The iconic zombie movie that spoke to American racism and the social upheaval of the 1960s.
Preceded by the Something’s in the Air program: mysterious short films about mid-century paranoia, screams from hell, and things that just won’t die.
Night of the Living Dead
George A. Romero | US | 96
With Duane Jones, Judith O’Dea. This is how it all began. Romero’s seminal, independent zombie movie laid the groundwork for the indie horror film. But there has yet to be another film about the cannibalistic undead as scary as the original. This black-and-white nightmare, in which a motley group of terrified people barricade themselves in a farmhouse to ward off legions of hungry zombies, is a masterful work of horror that also functions as a work of social commentary at the close of a decade defined by a reckoning with American racism. Presented as part of the Museum of the Moving Image and Sloan Science & Film series Science on Screen.
The Deepest Hole
Matt McCormick | US | 13
While the Space Race, the Arms Race, and a myriad of other Cold War competitions are common knowledge, few know that the United States and Soviet Union also faced off to see which country could dig the deepest hole. This lack of public awareness is particularly surprising seeing that one of the countries may have inadvertently discovered Hell in the process.
Sniffles and Sneezes
McGraw-Hill | US | 9
An educational film about health and hygiene related to the common cold virus, Sniffles and Sneezes employs a visual trick to remind us that danger is in the mundane.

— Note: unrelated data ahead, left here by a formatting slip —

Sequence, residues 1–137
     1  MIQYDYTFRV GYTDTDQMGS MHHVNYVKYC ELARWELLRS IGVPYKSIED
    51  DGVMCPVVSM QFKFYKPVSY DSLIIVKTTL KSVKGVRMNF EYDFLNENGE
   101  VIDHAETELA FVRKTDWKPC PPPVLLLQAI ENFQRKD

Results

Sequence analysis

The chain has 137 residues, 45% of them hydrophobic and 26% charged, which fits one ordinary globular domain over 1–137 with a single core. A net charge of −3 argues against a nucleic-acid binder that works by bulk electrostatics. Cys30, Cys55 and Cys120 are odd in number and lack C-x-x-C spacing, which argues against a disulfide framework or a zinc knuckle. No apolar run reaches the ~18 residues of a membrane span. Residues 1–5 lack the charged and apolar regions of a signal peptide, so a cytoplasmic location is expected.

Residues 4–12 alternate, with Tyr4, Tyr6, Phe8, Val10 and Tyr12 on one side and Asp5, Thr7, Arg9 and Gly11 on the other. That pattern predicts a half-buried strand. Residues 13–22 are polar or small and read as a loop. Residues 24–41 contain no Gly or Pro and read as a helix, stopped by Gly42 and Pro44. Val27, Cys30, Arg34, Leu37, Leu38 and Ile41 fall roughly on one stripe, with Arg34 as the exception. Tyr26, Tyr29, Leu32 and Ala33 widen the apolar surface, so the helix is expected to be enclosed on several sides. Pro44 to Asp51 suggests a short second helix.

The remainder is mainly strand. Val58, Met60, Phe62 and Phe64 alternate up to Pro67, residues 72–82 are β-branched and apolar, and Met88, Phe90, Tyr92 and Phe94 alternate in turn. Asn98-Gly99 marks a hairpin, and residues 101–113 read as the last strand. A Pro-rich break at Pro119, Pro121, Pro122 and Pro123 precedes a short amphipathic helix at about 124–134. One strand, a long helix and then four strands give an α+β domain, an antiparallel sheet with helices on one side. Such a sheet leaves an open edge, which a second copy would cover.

Wood Child and Hidden Forest Mother
Stephen Irwin | UK | 10
Deep in the forest, a hunter encounters a strange creature he cannot kill. Caught up in a twisted tale of metamorphosis, creation and destruction, he embarks on a never-ending technicolour nightmare, and is transported to a vibrant new world... and body. Wood Child and Hidden Forest Mother was a recipient of The Kayla Thomas Filmmaker Grant.
NYSCI Explainer: Fake Wound Making
This video was produced by members of the Alan J. Friedman Center for the Development of Young Scientists | US | 3
Students from NYSCI's Explainer TV program share some truly gross DiY tips for fake wound making.
Doors Open & Pre-Show Begins
Night of the Living Dead Begins
All Queens Drive-In attendees will need to enter via the 111th Street/49th Avenue entrance to the New York Hall of Science. There will be no access from the Grand Central Parkway. Please take the Long Island Expressway to the 108th Street exit, and take local streets to the entrance for all vehicles on 49th Avenue and 111th Street. Signs and staff members will direct you to the Drive-In upon arrival.
For complete Drive-In FAQs, head here
While the films in this program are not rated, they may not be considered appropriate for younger audiences. Viewer discretion is advised.
Queens Drive-In at The New York Hall of Science
47-01 111th St, Corona, NY 11368